In the workplace, the employer can reduce the incidence of vibration - induced disease by automation and mechanisation, by purchasing low vibration tools, by reducing exposure times, by maintaining the equipment in efficient working order and by giving instruction in correct operating techniques. The workers should be educated to recognise the symptoms - that numbness or tingling after using vibrating tools may be an early warning sign and should be reported to their supervisor. Employees can help to reduce the risks by keeping warm, by avoiding smoking and by taking exercise.

10.2.5 Noise

Several welding, cutting and gouging processes are noisy, to the extent of exceeding the thresholds currently specified in UK and USA legislation. Examples include:

• Gouging, which can produce noise levels over 90 dB(A)

• MIG (metal inert gas) (GMAW, gas metal arc welding) welding which

can exceed 90 dB(A) • Plasma cutting, which can produce noise levels of the order of 110 dB(A).

Some processes associated with welding, such as grinding, can also produce extremely high noise levels. Our susceptibility to damage by noise, like our susceptibility to vibration, depends on frequency and the measurements are weighted to reflect the sensitivity of the human ear. Weighted measurements are denoted dB(A) in the UK, and dBA in the USA, and for simplicity dB(A) is used for the rest of this section.

Current legislation in the UK18 and USA19 (2005) require measures to be taken to protect the hearing of workers when noise levels reach 85 dB(A) averaged over an 8 hour working day, and demand protective measures to be taken to safeguard their employees’ hearing. The wearing of hearing protection becomes mandatory in the UK at a threshold of 90dB(A). Currently in some European countries the thresholds at which employers must take action are already lower than these figures.

The exposure limits currently (2005) used in the USA and UK represent thresholds at which there is a given probability of hearing damage - they are not thresholds of safety. Research has indicated20 that approximately 5% of workers exposed to 90dB(A) for an 8 hour period daily will experience a 30dB hearing loss at 1, 2 and 3 kHz after 25years, rising to almost 20% after 45 years. The corresponding figures for exposure to 85 dB(A) are approximately 2% and 10%. Therefore, even when the current exposure limits are applied, there will be a number of individuals who will experience hearing loss as a result of their work. The hearing loss that is suffered as a result of exposure to excessive noise tends to be in the frequencies that are necessary for the clear understanding of speech and the loss cannot be compensated for by a hearing aid.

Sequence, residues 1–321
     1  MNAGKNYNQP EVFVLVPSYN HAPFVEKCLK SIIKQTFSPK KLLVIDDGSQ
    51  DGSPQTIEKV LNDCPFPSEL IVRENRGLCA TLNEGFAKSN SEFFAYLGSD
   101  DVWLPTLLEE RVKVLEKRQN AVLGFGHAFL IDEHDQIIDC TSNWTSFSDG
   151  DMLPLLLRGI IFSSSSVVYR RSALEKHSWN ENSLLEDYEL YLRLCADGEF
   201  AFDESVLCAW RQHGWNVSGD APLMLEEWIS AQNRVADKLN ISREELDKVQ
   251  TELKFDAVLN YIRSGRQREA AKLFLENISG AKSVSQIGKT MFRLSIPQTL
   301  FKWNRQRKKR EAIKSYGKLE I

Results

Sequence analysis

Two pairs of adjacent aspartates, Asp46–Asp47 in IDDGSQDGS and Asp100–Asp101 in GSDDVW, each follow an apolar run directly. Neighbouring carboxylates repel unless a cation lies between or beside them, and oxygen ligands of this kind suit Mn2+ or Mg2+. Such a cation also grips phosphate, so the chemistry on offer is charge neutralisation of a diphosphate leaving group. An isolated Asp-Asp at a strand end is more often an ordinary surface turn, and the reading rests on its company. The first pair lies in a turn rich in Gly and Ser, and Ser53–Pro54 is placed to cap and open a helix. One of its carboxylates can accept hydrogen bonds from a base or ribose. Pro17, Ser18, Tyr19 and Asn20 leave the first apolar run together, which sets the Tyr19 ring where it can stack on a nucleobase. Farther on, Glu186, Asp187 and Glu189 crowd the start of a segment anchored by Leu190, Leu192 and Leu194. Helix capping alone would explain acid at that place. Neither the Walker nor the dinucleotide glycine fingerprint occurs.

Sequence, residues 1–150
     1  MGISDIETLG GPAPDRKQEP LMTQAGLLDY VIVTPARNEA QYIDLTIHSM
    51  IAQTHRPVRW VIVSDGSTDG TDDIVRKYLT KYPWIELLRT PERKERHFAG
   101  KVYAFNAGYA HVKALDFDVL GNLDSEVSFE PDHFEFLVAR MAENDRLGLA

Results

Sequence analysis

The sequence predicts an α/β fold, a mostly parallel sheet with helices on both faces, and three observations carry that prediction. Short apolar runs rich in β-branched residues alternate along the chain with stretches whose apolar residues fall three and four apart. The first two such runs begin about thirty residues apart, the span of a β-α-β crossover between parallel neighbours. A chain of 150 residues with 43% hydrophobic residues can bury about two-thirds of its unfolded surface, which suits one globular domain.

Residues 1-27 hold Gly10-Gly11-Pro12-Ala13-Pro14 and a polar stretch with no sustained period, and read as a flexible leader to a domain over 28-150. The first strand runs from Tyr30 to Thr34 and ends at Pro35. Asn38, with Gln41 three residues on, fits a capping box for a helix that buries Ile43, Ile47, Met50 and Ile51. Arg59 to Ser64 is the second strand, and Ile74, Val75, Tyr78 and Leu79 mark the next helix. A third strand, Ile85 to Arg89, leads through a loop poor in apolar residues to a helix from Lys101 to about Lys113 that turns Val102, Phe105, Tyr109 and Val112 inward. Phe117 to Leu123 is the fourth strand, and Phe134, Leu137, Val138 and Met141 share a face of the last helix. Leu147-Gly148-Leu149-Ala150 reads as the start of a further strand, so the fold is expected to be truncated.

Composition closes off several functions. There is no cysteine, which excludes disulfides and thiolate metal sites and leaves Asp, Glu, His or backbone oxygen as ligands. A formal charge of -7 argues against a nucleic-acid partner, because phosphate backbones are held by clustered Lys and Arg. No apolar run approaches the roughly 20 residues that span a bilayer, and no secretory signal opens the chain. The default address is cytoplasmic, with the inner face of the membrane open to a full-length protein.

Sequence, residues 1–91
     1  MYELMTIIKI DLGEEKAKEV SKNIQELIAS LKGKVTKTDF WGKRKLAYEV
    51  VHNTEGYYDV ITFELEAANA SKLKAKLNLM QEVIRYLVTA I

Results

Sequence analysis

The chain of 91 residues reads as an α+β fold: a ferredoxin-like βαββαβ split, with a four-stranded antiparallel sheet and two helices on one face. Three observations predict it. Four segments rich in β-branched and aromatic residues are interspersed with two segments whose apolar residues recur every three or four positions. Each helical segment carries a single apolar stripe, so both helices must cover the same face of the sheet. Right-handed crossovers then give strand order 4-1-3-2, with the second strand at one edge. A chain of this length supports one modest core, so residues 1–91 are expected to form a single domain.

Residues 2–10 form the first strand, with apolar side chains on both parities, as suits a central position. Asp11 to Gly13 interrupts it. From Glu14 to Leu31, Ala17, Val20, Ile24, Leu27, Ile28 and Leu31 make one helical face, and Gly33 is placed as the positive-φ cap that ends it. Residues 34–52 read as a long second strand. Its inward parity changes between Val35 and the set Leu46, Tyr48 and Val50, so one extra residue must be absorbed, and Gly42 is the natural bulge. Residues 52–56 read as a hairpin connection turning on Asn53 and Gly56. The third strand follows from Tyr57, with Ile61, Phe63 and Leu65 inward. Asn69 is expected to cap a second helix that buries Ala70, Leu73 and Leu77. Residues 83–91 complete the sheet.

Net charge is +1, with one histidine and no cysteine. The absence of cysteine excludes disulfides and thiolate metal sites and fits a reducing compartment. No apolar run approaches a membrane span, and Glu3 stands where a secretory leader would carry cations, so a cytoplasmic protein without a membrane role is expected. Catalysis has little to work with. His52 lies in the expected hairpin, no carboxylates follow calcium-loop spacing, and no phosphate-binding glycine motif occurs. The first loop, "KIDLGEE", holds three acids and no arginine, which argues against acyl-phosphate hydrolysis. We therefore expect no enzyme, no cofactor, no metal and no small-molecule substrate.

The European Community has passed a Noise Directive (2003/10/EC)21 that is on a timetable for implementation in member states by 2006. When implemented, this legislation will, like previous legislation, require employers to assess noise levels where workers are likely to be exposed to risks, eliminate risks at source or reduce them to a minimum and implement appropriate health surveillance where the risk assessment indicates a risk to health. In justified circumstances weekly averaging of noise will be permitted, instead of using an 8 hour averaging period.

The most noticeable changes in the UK introduced by the Control of Noise at Work Regulations 200522 are the new exposure thresholds coming intro force in April 2006, which are significantly lower than the current figures. The new limit on personal noise exposure is 87dB(A) and 140dB (C-weighted) at the ear. Where personal exposure, not taking hearing protection into account, exceeds 85 dB(A) and 137 dB (c-weighted), there is a requirement to establish and implement a programme of technical and/or organisational measures to reduce exposure to noise. Areas where noise levels exceed 85 dB(A) and 137dB (c-weighted) will need to be marked, with access restricted where technically feasible and where the risk of exposure justifies it. This threshold also triggers mandatory use of hearing protection and appropriate health surveillance Where exposure, not taking hearing protection into account, exceeds 80dB(A) and 135 dB (c-weighted) hearing protection must be made available, information and training must be provided and audiometric testing provided where a risk to health is indicated.

New developments in advanced welding

Environmental issues

10.4.1 Introduction The last 30 or more years have seen a significant awakening of interest in the environment and a much greater understanding of how human activities in one geographical …

Recent and ongoing research

10.3.1 Fundamental difficulties Despite the labour figures indicating that around 400000 people in the USA are directly engaged in welding, it is difficult to research health effects and make positive …